Need motivation to get your side hustle on? New study shows black women making major strides
Article By LaTisha Harvey // EEW Magazine // Business & Motivation
Get your hustle on! Write that book, start that small biz, and launch that burning vision in your heart—even if you can only focus on it part-time.
A new report shows that part-time entrepreneurship, often referred to as “sidepreneurship,” is on the rise.
In fact, over the last five years, the number of women sidepreneurs has grown at a rate that is nearly double the overall growth in female entrepreneurship.
“This is exciting to see, because it shows that there are options for women hoping to tap into nontraditional employment and entrepreneurship,” said Georgia Westin, a New York-based business analyst. “Cooler yet is the fact that black women are leading the way.”
According to the annual State of Women-Owned Businesses Report, from the years 2014-2019 sidepreneurship’s greatest representation came from minority women-owned businesses. Their growth is two times higher than all businesses: 65 percent compared to 32 percent, respectively.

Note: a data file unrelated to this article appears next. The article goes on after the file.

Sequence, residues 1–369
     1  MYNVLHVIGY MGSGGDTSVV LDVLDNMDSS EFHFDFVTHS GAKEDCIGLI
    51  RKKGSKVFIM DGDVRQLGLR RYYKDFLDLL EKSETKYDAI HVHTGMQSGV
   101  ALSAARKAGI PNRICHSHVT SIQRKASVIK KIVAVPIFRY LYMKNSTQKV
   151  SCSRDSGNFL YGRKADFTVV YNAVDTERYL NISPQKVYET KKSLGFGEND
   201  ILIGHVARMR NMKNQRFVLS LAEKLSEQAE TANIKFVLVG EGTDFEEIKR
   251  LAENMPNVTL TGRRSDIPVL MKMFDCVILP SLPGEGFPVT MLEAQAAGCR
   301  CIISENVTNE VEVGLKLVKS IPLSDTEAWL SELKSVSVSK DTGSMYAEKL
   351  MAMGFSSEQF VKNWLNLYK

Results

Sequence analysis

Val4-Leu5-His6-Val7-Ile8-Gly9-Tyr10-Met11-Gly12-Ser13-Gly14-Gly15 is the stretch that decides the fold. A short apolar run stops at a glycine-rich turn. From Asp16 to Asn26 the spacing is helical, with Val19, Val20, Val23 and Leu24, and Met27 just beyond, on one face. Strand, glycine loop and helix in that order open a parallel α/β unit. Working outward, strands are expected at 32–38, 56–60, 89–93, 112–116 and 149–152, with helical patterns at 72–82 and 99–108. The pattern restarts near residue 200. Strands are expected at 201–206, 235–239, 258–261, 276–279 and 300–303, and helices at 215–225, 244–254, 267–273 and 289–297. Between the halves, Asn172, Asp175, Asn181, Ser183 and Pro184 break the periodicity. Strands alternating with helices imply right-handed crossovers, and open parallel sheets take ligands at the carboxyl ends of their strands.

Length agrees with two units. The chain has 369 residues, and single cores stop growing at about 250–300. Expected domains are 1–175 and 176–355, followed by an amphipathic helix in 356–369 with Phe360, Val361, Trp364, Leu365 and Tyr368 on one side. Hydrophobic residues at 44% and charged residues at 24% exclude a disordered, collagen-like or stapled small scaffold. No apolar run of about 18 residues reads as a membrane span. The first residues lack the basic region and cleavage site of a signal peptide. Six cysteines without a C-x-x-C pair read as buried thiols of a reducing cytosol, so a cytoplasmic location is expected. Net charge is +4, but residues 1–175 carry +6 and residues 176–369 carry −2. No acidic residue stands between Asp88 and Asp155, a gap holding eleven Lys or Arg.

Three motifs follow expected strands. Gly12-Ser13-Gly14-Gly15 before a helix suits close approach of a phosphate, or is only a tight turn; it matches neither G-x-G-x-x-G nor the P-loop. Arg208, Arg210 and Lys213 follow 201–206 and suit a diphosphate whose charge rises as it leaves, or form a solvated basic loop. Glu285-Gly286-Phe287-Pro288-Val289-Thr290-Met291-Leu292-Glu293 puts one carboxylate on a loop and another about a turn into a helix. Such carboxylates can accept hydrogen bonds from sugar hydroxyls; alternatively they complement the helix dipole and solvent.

When looking at specific minority groups over the last five years, growth in side entrepreneurship is up 99 percent among African American women.
“Sisters will do what we’ve got to do and don’t use excuses to ignore our dreams,” said Westin, 42, who owns a small business consulting firm.
“We are serious, focused, and efficient, and will devote whatever time we have to making our divinely-implanted entrepreneurial dreams come true.”
Overall, women of color are starting businesses at a remarkable 4.5 times the rate of all businesses. In almost every category, black women lead the women-owned business charge.
Remarkably, women of color may represent only 39 percent of the total female population in the US, but they account for 89 percent of new women-owned businesses—a total of 1,625 new businesses over the past year.
While the number of women-owned businesses grew 21 percent from 2014 to 2019, African American women-owned firms grew even faster at 50 percent.
“The face of entrepreneurship is evolving to include all women, regardless of demographics. Even more impressive is that women are starting businesses on their own terms – whether it be their full-time focus or a part time activity,” said Courtney Kelso, Senior Vice President of American Express.
The most popular industries are: hair and nail salons and pet care businesses (22%); child daycare, home healthcare, and social assistance (15%); professional, scientific, or technical services including lawyers, bookkeepers, architects, public relations firms and consultants (13%).
If you are feeling hesitant about launching, let this research be your motivation. Just get started. You’re in good company.